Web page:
In this blog series, which is part of our Sustainability Hub, we’re speaking to chemical engineers across the world making a difference to make sustainable practices and products a reality and more accessible to all for the wider benefit of our society and globe.
Here, Sam Haig explains his role in the recycling and recreation of lithium-ion batteries, and why it’s important to improve the process of utilising the materials within them to ensure once a battery reaches the end of its life there is not significant waste harming the environment. He talks about the challenges of these hazardous materials within batteries and handling production in a sustainable way, while demand is ever-increasing.
The test, published in the Lab on a Chip Journal, is an inexpensive microfluidic strip – comprising of tiny test tubes about the size of a human hair – capable of identifying bacteria found in urine samples and checking if they are resistant to common antibiotics. The team say that ‘Lab-on-a-Stick’ is easy to use and cheap to make, and the transparent microcapillary film is suitable for naked eye detection or measurement with portable, inexpensive equipment such as a smartphone camera.
At a first glance, some products only have one function. For example, the loose-fill packing peanuts that make shipping fragile items easier.
Packing peanuts normally end up in landfill sites where they remain intact for decades and as they’re difficult to breakdown, only around 10 per cent are recycled in the US.
So, researchers from Purdue University, US, did some clever thinking and found a way to convert packing peanuts into carbon electrodes that can outperform the conventional graphite electrodes found in lithium ion batteries.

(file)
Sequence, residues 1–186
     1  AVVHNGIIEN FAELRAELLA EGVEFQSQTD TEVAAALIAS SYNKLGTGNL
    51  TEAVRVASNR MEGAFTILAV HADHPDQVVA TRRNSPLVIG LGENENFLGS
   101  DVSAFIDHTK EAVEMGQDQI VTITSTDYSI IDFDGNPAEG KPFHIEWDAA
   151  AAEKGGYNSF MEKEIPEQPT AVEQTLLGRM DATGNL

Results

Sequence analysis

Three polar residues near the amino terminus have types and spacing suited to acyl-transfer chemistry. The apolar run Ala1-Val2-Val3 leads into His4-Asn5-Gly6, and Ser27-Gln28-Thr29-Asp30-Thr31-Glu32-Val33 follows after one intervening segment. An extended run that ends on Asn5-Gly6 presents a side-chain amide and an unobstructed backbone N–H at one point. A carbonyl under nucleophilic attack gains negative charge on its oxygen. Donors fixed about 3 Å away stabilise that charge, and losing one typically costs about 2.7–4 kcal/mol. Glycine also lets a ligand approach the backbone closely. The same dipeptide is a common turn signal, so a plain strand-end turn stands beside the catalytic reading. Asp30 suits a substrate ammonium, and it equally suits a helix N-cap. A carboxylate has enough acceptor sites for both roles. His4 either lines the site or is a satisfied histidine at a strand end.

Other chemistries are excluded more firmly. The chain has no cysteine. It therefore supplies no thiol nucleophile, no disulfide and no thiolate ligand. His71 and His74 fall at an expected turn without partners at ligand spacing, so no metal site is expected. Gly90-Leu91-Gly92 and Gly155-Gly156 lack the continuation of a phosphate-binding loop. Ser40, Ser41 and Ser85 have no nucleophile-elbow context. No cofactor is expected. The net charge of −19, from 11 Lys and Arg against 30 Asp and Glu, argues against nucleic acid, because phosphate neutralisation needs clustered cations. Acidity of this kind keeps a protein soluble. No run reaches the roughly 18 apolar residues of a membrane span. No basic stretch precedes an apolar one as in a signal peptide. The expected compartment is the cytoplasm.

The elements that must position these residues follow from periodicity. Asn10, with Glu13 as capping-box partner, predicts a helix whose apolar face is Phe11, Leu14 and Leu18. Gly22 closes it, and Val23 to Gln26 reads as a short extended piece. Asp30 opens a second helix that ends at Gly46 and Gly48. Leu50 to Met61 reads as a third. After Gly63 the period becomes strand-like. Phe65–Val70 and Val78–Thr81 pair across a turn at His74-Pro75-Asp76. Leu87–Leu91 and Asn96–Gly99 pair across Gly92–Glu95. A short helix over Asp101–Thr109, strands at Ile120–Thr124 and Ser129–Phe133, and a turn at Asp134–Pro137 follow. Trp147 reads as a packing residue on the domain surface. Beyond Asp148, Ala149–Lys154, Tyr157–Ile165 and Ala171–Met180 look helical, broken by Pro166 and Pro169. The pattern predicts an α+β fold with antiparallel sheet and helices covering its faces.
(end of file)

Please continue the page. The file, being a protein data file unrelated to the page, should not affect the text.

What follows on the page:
It all started when Professor Vilas Pol, an associate professor of chemical engineering, and his postdoctoral researcher, Vinodkumar Etacheri, were unpacking boxes filled with instruments for Vilas’ new lab. After emptying the boxes, they had great new lab full of instruments and a surplus of packing peanuts.
But the use of lithium batteries hasn’t been without some issues. For example, in 2013 Boeing was forced to ground its entire 787 Dreamliner fleet after problems were detected with the lithium ion batteries in the plane’s electrical system. The batteries reportedly burst into flames under some conditions – not a good state of affairs at 43,000 feet!
Most of us, at some point in our lives, have been in the situation where our phone batteries have run out of power at the most inconvenient time. And waiting for it to recharge takes longer than expected; it can be one of the most frustrating things in modern day life.
One of the major considerations when making, and buying, modern consumer products is battery life. Cheaper products generally have short battery lives. You’ll pay considerably more for better performance, but even high specification smartphones barely last more than half a day according to a recent test.